In our number five spot is the Slide Swimmer 250 Glide Bait by Deps. The pricey lure is as big as it is expensive, at 10 inches and nearly $170.

Deps says this lure offers maximum realism with “life-like scale patterns and gills.” The design also features realistic eyes and a believable swim pattern that looks like the real thing. Altogether, Deps says this lure has “all of the features you need to catch that bass of a lifetime.”

Did you know?

The Deps brand was established in the 1990s by Kazumasa Okumura, a pro fisher. Today, Deps operates out of its headquarters in Japan. The company earned fame in the U.S. by introducing glide baits to the general market.

Hog Father Gizzard Shad Foiled OG

Hog Father Gizzard Shad Foiled OG photo source:shop.taterhogcustomlures.com

This $275 lure from Tater Hog Custom Lures measures 8 ½ inches long and stands out with its lightly shimmering design. Like all Tater Hog lures, this piece is handmade in the U.S. by Matthew McBee, the owner and operator of Tater Hog. Mathew says he has over 12 years of lure design experience: “Fishing is not my job, it’s my passion.”

$275 might be expensive, but Tater Hog lures might just be worth it. The brand’s baits have been highly rated by a variety of fishing institutions, including on the Top Lures list at Bass Live Elites Series Event Lake Fork 2021.

Did you know?

Mathew McBee says he’s passionate about sharing his skilled lure-making with the world.

Roman Made South Premium

Roman Made South Premium photo source:coyotebait.com

Roman Made was founded in 2006. The company produces high-end, hand-painted lures in Japan. This example of the brand’s expert craftsmanship costs nearly $280 — making it the third-most expensive fishing lure you can buy.

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Suppliers say this lure is ideal for topwater fishing. The bait sits at the surface and moves by the force of waves, line tension, and other factors. Sound plays a role in the allure of this bait, with bass jumping above the surface to catch their noisy “snack.”

Did you know?

The Roman Made company was founded by Toshinori Takeyama. All Roman Made lures are handmade by experts.

Roman Made Mother Swimbait

Roman Made Mother Swimbait photo source: tacklewarehouse.com

At a foot long, this large lure is truly a beast in the water. As you’d expect, the large bait is ideal for catching big fish — but you’ll have to drop some serious cash before you get started. The handmade lure costs just under $500!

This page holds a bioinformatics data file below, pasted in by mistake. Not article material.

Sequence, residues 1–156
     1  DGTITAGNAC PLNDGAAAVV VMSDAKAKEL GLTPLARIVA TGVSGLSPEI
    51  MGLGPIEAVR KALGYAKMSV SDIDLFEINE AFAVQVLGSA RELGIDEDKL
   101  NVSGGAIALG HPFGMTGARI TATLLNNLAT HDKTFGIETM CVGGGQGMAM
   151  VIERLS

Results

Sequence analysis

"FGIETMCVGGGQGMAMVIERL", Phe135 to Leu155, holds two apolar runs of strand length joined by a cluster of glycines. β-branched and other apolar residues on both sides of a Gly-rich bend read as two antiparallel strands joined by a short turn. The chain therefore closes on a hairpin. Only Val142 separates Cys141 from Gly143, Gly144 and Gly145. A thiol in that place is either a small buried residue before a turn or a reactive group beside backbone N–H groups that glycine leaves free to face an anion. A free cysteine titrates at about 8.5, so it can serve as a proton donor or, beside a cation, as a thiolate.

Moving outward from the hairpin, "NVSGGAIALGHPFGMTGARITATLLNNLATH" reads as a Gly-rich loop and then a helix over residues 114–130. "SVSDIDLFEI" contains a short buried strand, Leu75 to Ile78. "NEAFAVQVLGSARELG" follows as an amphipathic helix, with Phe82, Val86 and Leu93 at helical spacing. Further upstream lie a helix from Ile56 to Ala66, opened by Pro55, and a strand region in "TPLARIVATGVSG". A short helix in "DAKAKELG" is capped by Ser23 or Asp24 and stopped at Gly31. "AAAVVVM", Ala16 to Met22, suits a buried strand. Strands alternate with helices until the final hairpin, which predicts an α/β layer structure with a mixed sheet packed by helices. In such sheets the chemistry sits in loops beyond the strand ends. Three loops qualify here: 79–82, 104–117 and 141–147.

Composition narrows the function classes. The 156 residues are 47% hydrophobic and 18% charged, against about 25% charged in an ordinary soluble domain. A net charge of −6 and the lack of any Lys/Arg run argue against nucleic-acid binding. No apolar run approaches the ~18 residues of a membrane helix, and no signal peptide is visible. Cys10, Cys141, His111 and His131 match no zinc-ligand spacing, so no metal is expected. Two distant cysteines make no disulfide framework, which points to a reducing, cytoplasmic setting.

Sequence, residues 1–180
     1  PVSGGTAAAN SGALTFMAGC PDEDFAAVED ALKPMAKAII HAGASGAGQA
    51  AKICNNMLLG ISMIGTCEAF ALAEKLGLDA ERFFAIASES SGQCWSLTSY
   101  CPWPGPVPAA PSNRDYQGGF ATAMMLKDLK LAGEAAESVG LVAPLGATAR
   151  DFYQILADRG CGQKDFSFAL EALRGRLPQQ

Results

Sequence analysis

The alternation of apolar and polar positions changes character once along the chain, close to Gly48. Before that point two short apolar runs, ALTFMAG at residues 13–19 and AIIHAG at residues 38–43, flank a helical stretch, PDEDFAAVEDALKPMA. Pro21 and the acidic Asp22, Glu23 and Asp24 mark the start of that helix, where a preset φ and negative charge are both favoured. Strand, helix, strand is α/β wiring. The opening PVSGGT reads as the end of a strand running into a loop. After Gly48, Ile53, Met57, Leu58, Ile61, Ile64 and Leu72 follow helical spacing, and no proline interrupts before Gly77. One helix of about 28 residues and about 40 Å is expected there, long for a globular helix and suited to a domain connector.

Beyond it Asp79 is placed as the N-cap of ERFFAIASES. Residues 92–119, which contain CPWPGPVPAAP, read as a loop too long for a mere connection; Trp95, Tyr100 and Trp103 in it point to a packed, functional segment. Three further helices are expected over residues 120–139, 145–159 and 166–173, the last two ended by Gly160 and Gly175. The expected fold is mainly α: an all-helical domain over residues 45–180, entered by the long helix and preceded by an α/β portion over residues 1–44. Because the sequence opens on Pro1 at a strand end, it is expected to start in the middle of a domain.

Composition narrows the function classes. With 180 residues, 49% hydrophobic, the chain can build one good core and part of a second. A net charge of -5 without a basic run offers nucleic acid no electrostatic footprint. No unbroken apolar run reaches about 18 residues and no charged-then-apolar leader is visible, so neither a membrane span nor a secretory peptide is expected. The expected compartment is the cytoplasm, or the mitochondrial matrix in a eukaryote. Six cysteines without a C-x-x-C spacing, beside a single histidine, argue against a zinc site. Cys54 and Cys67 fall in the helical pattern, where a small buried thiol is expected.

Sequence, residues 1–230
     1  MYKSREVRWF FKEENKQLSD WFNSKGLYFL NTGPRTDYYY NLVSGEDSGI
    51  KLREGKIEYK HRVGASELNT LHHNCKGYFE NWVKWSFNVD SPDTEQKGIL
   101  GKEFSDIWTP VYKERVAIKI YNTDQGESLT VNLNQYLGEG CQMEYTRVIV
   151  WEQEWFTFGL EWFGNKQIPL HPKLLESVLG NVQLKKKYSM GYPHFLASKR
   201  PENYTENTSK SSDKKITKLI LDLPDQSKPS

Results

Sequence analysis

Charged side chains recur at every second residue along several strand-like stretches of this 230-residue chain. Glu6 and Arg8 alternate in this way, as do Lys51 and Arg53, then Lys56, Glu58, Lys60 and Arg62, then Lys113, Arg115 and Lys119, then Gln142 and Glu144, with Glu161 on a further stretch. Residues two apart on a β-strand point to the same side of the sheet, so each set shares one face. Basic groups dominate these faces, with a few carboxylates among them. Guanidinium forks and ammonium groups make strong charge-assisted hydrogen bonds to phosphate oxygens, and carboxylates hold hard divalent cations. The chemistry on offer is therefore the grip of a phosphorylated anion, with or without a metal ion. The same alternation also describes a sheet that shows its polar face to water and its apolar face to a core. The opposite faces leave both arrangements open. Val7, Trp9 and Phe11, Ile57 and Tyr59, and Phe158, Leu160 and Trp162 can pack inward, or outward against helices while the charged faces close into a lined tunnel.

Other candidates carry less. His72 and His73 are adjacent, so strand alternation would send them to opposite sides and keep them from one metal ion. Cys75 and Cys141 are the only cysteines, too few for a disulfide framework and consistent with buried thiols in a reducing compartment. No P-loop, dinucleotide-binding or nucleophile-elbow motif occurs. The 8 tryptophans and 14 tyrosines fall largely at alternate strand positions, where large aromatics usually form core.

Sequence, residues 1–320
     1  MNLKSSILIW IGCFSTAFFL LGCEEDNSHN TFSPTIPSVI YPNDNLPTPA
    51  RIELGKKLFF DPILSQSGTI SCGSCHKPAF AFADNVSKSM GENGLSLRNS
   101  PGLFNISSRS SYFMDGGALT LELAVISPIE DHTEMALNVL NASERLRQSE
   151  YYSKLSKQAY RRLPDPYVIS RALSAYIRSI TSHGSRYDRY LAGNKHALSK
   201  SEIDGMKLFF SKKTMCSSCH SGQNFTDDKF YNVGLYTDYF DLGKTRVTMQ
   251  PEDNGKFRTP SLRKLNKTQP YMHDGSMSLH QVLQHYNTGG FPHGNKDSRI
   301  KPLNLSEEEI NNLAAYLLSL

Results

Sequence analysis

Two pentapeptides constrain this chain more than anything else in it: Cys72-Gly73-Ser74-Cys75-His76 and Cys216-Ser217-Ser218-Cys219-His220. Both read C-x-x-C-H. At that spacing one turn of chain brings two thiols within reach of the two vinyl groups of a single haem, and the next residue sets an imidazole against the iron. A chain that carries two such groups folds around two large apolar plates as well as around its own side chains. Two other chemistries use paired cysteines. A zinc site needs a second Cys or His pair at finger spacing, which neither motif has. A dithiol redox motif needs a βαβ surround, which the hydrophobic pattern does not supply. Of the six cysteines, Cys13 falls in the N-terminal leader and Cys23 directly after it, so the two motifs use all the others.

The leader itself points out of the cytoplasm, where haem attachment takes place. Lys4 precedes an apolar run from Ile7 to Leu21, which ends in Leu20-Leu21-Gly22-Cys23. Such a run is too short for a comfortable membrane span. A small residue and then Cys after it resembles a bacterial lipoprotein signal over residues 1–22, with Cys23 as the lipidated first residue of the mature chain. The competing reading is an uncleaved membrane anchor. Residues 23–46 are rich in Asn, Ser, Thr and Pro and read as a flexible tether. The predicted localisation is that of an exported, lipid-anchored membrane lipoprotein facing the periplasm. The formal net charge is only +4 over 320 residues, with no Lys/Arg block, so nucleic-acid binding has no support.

This lure was specifically designed to target huge bass in Lake Biwa. The lake can be found in Japan and is famous for being the largest freshwater lake in the entire nation. Historically, Lake Biwa has been one of Japan’s most popular tourist attractions as well as a common subject of poetry.

Did you know?

This lure weighs 10.5 ounces.

Manifold Deniro Yugo Frame 550 Glide Bait

Manifold Deniro Yugo Frame 550 Glide Bait photo source: tacklewarehouse.com

Manifold Deniro Yugo Frame 550 Glide Bait is the most expensive fishing lure you can buy.

This beast of a lure was created by Manifold Detail Works, a master leather and fishing tackle company in Japan. The huge design features a leather wrap that absorbs water, allowing the swimmer to move effectively underwater. With incredible levels of precision and expertise on display, this lure is more a work of art than fishing bait. Still, the 550 is a completely functional lure — you just need a rod and line strong enough to handle it and whatever sea creatures it attracts.

Did you know?

Manifold Detail Works was established in 1999. Originally, the company was just a leather goods manufacturer, but the owner loves bass fishing, so he expanded the business in 2011 and started making fishing lures.

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Ethan Smith is a seasoned marine veteran, professional blogger, witty and edgy writer, and an avid hunter. He spent a great deal of his childhood years around the Apache-Sitgreaves National Forest in Arizona. Watching active hunters practise their craft initiated him into the world of hunting and rubrics of outdoor life. He also honed his writing skills by sharing his outdoor experiences with fellow schoolmates through their high school’s magazine. Further along the way, the US Marine Corps got wind of his excellent combination of skills and sought to put them into good use by employing him as a combat correspondent. He now shares his income from this prestigious job with his wife and one kid. Read more >>